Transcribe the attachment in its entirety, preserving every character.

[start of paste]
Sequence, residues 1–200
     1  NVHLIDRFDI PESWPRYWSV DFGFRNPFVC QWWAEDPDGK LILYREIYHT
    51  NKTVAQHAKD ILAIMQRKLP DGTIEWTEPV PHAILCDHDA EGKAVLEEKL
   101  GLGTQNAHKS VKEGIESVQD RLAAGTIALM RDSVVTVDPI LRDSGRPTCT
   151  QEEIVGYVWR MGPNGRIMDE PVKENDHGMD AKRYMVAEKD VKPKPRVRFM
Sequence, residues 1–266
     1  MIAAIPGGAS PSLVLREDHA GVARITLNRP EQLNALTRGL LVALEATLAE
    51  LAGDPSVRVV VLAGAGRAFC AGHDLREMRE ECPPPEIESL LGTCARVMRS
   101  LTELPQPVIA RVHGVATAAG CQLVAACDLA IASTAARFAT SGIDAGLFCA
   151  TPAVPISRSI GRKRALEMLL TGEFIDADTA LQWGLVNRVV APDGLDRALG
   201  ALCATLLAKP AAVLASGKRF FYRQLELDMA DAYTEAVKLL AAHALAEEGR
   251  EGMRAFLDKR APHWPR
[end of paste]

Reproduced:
Sequence, residues 1–200
     1  NVHLIDRFDI PESWPRYWSV DFGFRNPFVC QWWAEDPDGK LILYREIYHT
    51  NKTVAQHAKD ILAIMQRKLP DGTIEWTEPV PHAILCDHDA EGKAVLEEKL
   101  GLGTQNAHKS VKEGIESVQD RLAAGTIALM RDSVVTVDPI LRDSGRPTCT
   151  QEEIVGYVWR MGPNGRIMDE PVKENDHGMD AKRYMVAEKD VKPKPRVRFM
Sequence, residues 1–266
     1  MIAAIPGGAS PSLVLREDHA GVARITLNRP EQLNALTRGL LVALEATLAE
    51  LAGDPSVRVV VLAGAGRAFC AGHDLREMRE ECPPPEIESL LGTCARVMRS
   101  LTELPQPVIA RVHGVATAAG CQLVAACDLA IASTAARFAT SGIDAGLFCA
   151  TPAVPISRSI GRKRALEMLL TGEFIDADTA LQWGLVNRVV APDGLDRALG
   201  ALCATLLAKP AAVLASGKRF FYRQLELDMA DAYTEAVKLL AAHALAEEGR
   251  EGMRAFLDKR APHWPR